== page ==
Pacquiao-Marquez: Another Classic Modern Trilogy?

By Eric Raskin

We often think of upcoming fights in terms of what’s at stake for each individual boxer. Rarely do we think about them in terms of what’s at stake for the two opponents collectively. But in Pacquiao-Marquez III, if these two rivals can produce a fight as competitive and compelling as their first two bouts, they will have done something truly special together: author arguably the best boxing trilogy of an era absolutely loaded with classic three-fight series.

Marco Antonio Barrera and Erik Morales got the fun started in the year 2000. Then Arturo Gatti and Micky Ward battled similarly spectacularly over 30 epic rounds. In the mid-2000s, Morales engaged Pacquiao in another unforgettable trilogy. And though they technically fought four times, the first three fights of the Israel Vazquez-Rafael Marquez series were as jaw-dropping as any of the aforementioned group. Just how unique has this “golden age of trilogies” been? In the previous three decades combined, there were only two trilogies that would legitimately fit in with those listed above: Muhammad Ali vs. Joe Frazier and Riddick Bowe vs. Evander Holyfield.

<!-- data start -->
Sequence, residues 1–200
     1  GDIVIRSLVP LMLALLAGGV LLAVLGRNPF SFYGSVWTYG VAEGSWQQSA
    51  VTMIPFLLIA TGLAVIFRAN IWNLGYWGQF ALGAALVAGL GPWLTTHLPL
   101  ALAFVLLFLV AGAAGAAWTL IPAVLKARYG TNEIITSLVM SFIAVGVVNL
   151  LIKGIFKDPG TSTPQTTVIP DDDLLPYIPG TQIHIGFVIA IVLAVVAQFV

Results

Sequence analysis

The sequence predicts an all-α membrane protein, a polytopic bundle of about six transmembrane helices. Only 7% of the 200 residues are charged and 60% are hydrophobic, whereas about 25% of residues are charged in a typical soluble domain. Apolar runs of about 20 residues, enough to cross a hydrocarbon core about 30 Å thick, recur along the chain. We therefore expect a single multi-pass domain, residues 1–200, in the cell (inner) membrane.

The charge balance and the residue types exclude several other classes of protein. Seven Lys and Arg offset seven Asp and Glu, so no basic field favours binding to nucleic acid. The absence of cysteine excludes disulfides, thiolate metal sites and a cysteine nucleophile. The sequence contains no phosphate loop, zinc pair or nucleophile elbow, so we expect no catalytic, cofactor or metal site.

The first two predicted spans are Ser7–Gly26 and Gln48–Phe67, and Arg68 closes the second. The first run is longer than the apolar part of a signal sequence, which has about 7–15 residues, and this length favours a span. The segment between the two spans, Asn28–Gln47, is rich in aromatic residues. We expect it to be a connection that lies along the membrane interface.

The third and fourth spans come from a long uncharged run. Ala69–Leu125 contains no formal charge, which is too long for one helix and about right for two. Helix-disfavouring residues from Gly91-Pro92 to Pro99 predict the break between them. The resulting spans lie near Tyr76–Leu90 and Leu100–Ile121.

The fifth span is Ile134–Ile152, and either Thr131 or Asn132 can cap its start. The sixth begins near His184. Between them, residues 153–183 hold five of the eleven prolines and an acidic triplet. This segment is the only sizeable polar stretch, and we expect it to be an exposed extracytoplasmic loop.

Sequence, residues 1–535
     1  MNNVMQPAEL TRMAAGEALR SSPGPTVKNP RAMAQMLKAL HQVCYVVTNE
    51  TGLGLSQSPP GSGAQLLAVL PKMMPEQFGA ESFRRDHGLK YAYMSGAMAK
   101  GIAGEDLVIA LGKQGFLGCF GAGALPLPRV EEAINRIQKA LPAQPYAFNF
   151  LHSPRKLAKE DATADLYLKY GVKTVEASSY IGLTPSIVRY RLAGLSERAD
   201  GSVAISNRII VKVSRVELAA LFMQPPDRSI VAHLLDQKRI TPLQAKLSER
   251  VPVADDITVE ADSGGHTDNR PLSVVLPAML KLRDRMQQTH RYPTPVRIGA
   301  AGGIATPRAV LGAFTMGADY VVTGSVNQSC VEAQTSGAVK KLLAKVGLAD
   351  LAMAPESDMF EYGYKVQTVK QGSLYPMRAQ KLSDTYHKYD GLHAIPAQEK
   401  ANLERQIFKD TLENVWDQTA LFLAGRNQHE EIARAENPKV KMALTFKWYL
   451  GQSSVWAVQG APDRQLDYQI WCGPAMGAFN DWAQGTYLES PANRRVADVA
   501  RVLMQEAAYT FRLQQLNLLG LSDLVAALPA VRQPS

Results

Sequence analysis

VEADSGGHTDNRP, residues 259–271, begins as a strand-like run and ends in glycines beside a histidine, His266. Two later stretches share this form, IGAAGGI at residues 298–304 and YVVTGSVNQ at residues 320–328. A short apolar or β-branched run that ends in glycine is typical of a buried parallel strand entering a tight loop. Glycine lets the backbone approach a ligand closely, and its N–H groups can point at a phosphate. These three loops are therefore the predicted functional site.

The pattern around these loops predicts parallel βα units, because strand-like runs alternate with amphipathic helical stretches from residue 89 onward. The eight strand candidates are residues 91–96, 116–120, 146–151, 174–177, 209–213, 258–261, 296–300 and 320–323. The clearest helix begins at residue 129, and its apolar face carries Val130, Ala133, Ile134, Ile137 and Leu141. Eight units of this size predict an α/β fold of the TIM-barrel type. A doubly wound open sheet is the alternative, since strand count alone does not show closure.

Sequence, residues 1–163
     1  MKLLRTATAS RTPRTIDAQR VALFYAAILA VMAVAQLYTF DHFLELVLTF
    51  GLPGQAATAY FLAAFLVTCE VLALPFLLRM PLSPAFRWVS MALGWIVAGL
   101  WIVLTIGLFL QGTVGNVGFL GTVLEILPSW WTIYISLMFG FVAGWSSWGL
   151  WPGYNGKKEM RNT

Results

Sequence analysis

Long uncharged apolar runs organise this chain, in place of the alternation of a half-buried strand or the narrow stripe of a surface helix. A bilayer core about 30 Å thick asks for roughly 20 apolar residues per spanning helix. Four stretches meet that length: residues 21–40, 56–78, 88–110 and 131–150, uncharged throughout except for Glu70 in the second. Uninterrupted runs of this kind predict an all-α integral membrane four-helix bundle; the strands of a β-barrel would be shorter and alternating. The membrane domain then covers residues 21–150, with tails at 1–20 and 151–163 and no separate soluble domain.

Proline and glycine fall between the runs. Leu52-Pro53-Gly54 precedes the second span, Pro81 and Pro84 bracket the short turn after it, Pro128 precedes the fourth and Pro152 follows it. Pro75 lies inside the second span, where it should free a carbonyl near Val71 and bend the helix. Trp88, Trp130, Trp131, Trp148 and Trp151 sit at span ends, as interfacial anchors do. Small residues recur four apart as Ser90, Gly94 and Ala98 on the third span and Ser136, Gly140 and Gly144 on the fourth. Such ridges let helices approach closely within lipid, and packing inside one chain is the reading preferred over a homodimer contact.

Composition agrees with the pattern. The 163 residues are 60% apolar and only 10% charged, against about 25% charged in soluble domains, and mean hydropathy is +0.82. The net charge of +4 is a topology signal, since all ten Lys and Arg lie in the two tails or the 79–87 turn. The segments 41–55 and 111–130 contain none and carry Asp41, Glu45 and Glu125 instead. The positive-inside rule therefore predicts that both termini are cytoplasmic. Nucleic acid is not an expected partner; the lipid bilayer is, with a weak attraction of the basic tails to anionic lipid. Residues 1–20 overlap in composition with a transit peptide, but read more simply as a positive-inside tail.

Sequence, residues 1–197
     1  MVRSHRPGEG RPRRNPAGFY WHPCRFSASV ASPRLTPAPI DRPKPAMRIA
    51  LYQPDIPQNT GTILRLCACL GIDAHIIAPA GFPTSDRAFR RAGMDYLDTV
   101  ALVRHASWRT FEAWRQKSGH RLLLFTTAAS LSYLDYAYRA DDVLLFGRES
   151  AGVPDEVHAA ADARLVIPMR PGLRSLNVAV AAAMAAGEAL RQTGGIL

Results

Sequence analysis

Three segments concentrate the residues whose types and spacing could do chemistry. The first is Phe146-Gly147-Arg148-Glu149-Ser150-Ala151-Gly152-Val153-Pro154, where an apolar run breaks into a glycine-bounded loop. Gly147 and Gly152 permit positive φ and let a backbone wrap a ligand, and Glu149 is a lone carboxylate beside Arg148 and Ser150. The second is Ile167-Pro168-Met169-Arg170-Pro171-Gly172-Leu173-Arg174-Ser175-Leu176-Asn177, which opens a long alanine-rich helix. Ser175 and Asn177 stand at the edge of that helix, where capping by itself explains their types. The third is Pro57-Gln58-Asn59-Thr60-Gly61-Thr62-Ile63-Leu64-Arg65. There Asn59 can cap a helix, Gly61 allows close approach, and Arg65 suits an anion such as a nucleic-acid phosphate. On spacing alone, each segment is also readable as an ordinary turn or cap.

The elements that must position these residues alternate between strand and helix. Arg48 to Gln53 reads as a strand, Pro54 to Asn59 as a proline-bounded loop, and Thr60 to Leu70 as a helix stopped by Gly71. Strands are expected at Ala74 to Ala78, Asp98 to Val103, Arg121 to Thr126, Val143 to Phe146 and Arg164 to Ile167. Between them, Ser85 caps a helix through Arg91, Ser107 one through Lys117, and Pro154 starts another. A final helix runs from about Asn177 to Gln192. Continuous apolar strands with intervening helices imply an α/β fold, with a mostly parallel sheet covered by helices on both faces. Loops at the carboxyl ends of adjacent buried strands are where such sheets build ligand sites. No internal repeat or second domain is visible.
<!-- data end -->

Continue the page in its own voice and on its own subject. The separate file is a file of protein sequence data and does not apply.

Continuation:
Now Pacquiao-Marquez is poised to join that list, and perhaps stand atop it.

As a survivor of one of these legendary series, Ward insists that being a part of something like that serves as a source of everlasting pride.

“Whenever someone says Arturo’s name, they say my name with it. That’s really something,” Ward said. “It makes all the hard training and all the cuts, the stitches, the bruises, it makes it all worthwhile when you’re remembered like this. As bad as it was when I was in there, when I look back now, I’m glad I went through it. Being part of a great fight, that might get you remembered forever. But being part of a great trilogy takes it to another level.”

That’s what Pacquiao and Marquez are working toward together (even if that’s not either man’s primary goal). Through two fights that went the 12-round distance, on the six official judges’ cards combined, Pacquiao leads by a score 679-678. That’s right: One point separates them after 24 rounds.

We can only hope the third chapter of the Pacquiao-Marquez rivalry will be as competitive as the first two. Some predict Pacquiao will be too big and too strong for “Dinamita” now; others think that Marquez’s style will always cause Pac-Man problems, thus creating another classic triple.

No matter what, this has been the greatest era for trilogies that fight fans have ever seen. And it doesn’t necessarily have to end here. Maybe Miguel Cotto and Antonio Margarito will go from their December rematch to an eventual rubber match. Maybe if Pacquiao and Floyd Mayweather fight once, they’ll go on to fight three times.

As fans, we’re all blessed when a great trilogy comes along. And that extends to ex-fighters who are now in the role of fan.

“I don’t know which of these trilogies is the best. I just know that I like watching them,” Ward said. “You sit back, you watch—and you’re just glad it isn’t you in there.”